First, you could check out a service like loggly which is an online log file. You would have a personal API key to post data to from your application.

If you don't want to do that, you could write your own API that has a simple Post with a string parameter. It would then be responsible for opening the file, adding the text and saving it. The Winform could just fire and forget, knowing that the API can handle it.

In C#, you could use either RestSharp or the HttpClient to send the data to the API.

I think the problem you're going to run into, is having the Winform app save the file. If it was a local file, you can just append to a file (without reading the whole thin into memory.) But on a remote machine, you'd first have to download the entire file. The next problem would be making sure that the Winform app can save the file. Without something like an API call, you could run into a lot of issues.

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+1. Also as you are hinting appending to a file will likely to be pain, gnenerating new random file name and uploading it (i.e. via FTP) maybe easier. Or server side HTPP endpoint (POST accepting files) can make concurrent updates issues easier if single file is reqruiement. –  Alexei Levenkov Feb 24 '13 at 18:33
Thanks but for something so generic and apparently useful, I'm pretty amazed it's as tricky as this. Loggly is $149 per month which is at least a couple of orders of magnitude outside my budget. –  Dan W Feb 24 '13 at 19:40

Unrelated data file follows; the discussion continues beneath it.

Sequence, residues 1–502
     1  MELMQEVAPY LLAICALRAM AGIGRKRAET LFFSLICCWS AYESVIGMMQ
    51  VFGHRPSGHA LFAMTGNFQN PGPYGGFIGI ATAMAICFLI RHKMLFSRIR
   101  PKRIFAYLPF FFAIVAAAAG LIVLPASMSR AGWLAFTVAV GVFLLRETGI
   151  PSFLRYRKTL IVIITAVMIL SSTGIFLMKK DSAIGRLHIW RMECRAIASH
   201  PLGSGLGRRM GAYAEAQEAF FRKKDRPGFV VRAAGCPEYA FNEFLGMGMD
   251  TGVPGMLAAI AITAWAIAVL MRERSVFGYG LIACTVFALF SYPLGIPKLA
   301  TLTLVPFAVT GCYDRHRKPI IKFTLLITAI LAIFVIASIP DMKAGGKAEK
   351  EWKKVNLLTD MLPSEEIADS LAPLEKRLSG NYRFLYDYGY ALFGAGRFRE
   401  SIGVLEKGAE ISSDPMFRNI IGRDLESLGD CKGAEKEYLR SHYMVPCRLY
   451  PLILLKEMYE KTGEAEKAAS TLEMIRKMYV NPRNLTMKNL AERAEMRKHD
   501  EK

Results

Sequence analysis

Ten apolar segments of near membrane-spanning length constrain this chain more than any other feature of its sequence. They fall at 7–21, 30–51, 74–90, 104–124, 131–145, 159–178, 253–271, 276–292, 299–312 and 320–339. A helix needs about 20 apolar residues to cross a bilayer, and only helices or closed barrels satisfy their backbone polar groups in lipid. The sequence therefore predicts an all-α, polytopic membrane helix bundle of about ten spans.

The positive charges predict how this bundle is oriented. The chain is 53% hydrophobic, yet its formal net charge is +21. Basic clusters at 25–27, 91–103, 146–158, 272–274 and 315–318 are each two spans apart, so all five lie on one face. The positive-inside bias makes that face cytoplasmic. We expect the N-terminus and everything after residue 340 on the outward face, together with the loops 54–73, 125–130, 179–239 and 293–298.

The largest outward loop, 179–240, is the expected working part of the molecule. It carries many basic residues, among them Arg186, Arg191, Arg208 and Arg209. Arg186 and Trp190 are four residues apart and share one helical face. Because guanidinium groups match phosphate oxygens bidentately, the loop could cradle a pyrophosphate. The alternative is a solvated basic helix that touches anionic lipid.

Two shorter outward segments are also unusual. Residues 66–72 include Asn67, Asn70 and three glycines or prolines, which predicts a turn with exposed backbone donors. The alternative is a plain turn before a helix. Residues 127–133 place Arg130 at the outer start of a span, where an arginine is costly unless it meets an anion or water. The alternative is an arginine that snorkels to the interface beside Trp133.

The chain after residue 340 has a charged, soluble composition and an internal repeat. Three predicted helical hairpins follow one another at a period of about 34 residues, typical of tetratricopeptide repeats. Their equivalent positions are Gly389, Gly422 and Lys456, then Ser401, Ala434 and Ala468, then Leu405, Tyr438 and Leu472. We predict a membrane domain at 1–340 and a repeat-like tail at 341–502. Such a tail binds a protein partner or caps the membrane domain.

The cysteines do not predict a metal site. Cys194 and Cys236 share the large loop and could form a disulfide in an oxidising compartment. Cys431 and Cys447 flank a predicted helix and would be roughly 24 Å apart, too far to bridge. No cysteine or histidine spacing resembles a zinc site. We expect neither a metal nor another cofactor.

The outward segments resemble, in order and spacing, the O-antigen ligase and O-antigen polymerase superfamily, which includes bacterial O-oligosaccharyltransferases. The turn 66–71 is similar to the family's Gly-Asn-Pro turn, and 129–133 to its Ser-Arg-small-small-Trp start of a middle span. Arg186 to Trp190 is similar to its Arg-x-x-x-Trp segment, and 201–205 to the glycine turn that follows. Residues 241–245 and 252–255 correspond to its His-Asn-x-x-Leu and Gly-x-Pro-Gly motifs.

There are others, and that price depends on the amount of space you need per day and how long you want to keep it. For example, when we were using it for our exception logging it was free because we needed less than 200mb/day and needed it less than a week. –  taylonr Feb 24 '13 at 19:41
You're right - Loggly is much cheaper than I thought as I'd go with the smallest 200mb per day option. But I'd rather the data just stay on there indefinitely, rather than being wiped every week, or even every month. (though looking further, it can archive them to Amazon S3 - hmm.. seems a bit longwinded...) –  Dan W Feb 24 '13 at 19:50

If you want to log into a remote destination, I see two solutions. Both are using log4net:

Solution 1:

You can set up log4net to log into a database. You can see here for the configuration.

Solution 2:

You can derive your logging class from AppenderSkeleton and configure the behaviour to log into anything you want.

internal class MyAppender : AppenderSkeleton
    /// <summary>
    /// Subclasses of <see cref="T:log4net.Appender.AppenderSkeleton"/> should implement this method
    /// to perform actual logging.
    /// </summary>
    /// <param name="loggingEvent">The event to append.</param>
    protected override void Append(LoggingEvent loggingEvent)
        /* Here you can do whatever you want with your loggingEvent */
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Thanks too, but I only need a flat text file (maybe CSV). MySQL etc. is adding an extra layer of complexity I could probably do without for the moment. If you have time, and it's simple, maybe you could fill out solution 2, as my knowledge in that area is tiny (no pressure though). –  Dan W Feb 24 '13 at 19:42